Is hydrogen the best path to zero emission flight?
When I first sat down with ZeroAvia founder, Valery Miftakhov, to talk about his newest venture I admit I was a little skeptical.
That’s because we were there to talk about hydrogen fuel cells being used to power commercial aircraft in two to three years time. I’m not a big fan of hydrogen-powered cars for a number of reasons, the biggest being I don’t believe we’ll ever build out a hydrogen refueling infrastructure that could refuel the millions of cars on the roads. We’d basically need to replace the 168,000 gas stations in the US with H2 stations, which cost between 1.5 and 2 million dollars each. It would just cost way too much to do so, and who would pay for them?
Couple that with the fact that electricity is already ubiquitous – we just need to install the charging stations. That advantage alone is enough to propel battery-electric vehicles over HFC cars. However, at the same time, I also thought hydrogen fuel cells may be one of the answers for long haul trucking. There wouldn’t need to be many H2 stations installed; just a couple hundred across the country in strategic truck stop locations might be enough.
Aviation makes the use of hydrogen even easier. The airplanes have set routes, and always depart and arrive at an airport. Installing hydrogen refueling stations at airports would be even easier than doing so at truck stops. In fact, the more I chatted with Miftakhov, the more this concept made sense.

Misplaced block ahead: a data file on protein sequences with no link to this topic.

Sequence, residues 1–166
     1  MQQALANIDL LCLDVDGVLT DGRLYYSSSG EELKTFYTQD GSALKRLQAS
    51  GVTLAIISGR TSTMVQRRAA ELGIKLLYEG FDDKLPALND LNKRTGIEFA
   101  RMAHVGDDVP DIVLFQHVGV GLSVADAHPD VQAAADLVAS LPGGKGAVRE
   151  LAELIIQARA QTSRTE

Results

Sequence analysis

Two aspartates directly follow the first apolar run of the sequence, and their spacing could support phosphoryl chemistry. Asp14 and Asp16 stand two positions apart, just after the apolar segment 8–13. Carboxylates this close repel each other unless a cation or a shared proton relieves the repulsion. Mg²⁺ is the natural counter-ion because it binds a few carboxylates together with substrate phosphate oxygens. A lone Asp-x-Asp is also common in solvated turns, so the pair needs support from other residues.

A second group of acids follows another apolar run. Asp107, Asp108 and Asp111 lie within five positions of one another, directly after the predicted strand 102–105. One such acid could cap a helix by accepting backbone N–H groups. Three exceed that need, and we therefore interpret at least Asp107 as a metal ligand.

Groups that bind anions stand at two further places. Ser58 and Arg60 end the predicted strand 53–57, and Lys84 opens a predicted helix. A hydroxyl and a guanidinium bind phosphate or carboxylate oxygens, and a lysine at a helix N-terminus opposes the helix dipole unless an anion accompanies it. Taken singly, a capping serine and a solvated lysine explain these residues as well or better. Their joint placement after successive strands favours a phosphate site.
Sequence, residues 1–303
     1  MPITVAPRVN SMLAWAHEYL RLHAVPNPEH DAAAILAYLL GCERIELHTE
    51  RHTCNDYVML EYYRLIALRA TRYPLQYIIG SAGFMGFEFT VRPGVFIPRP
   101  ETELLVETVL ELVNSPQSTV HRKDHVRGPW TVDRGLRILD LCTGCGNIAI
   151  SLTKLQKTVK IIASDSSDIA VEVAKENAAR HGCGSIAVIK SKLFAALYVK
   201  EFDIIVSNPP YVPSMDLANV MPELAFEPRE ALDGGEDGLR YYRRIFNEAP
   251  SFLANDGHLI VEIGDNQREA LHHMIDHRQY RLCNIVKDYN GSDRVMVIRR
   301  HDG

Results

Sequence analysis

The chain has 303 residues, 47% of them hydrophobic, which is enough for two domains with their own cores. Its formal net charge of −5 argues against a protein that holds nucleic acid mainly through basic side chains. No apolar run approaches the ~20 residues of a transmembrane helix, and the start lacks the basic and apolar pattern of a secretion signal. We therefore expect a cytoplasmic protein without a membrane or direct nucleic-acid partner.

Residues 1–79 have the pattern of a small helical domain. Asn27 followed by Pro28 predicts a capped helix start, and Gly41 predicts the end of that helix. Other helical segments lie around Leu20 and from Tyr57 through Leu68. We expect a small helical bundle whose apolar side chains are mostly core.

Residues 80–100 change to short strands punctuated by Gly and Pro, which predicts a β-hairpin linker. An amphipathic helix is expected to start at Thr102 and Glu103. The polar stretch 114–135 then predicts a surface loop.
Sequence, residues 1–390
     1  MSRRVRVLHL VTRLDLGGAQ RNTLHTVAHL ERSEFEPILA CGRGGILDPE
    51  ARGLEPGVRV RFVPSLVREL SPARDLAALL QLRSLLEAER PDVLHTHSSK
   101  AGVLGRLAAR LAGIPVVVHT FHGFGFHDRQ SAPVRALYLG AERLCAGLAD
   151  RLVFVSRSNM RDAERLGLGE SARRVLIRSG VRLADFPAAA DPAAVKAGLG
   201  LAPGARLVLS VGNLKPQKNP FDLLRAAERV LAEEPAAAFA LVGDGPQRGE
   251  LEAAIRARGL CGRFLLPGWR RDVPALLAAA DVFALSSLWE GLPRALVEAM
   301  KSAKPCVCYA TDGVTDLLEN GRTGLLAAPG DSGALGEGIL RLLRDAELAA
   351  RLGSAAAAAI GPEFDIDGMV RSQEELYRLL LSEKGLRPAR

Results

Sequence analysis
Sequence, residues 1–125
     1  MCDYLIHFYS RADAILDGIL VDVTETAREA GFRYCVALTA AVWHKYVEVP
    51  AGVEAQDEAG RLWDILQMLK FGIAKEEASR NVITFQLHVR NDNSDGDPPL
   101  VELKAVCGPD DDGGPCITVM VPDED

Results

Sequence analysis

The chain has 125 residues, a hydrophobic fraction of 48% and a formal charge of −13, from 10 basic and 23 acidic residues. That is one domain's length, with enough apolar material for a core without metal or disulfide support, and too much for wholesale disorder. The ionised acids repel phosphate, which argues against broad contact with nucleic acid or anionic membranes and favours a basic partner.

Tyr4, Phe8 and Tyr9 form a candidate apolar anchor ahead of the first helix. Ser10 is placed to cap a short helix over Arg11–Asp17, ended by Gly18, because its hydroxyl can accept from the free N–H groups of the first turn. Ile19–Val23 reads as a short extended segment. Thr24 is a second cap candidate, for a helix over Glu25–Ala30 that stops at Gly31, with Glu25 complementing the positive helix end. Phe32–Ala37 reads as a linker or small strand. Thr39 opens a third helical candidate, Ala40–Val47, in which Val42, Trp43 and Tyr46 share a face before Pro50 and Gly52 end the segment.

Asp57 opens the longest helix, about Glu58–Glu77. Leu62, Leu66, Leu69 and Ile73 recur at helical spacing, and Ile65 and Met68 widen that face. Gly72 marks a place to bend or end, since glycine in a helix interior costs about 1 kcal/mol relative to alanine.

If the name sounds familiar, it’s because we’ve mentioned Miftakhov here before. Valery Miftakhov was the founder of eMotorWerks, the California-based company that pioneered smart-grid EV chargers, introducing the JuiceBox Pro 40 EVSE. He sold the company to Enel in 2017 and started ZeroAvia.
“Due to the rise of carbon emissions, we wanted to have a real impact on the aviation industry with sustainable methods of travel. For that, we needed to target a significantly larger aircraft, which is able to supply travelers with relatively long-distance destinations.” – ZeroAvia founder, Valery Miftakhov
Miftakhov then set out tackle what he saw as the next big problem in the electrification of commercial transportation: aviation. He took the approach of a hydrogen fuel cell powertrain because it has four times more energy density than the best electric batteries available today, and provides the lowest operating costs. That would enable zero-emission commercial aviation now, not sometime in the future when batteries are lighter and energy-dense enough to be used to fully-power large commercial aircraft.
Miftakhov doesn’t envision becoming an aircraft manufacturer. Instead, ZeroAvia is a powertrain company, working with existing aviation and other manufacturers and aviation operators, offering a clean, lower-cost powertrain choice, fitting seamlessly into the existing large markets and business models of the aviation industry.
“Hydrogen fuel cell systems are currently about four times more energy-dense than the best available batteries, even with compressed gas H2 storage. In five years, we actually expect liquid hydrogen storage to be safety-qualified in aircraft, allowing us to achieve 1,000+ mile ranges in even larger aircraft.” – ZeroAvia founder, Valery Miftakhov
Therefore, existing aircraft OEMs will be the company’s partners, not its competition. This approach allows ZeroAvia to focus on the real bottleneck in decarbonizing aviation: the powertrain. There are plenty of great aircraft manufacturers that build excellent, efficient airframes that will be able to accept ZeroAvia’s fuel cell powertrain.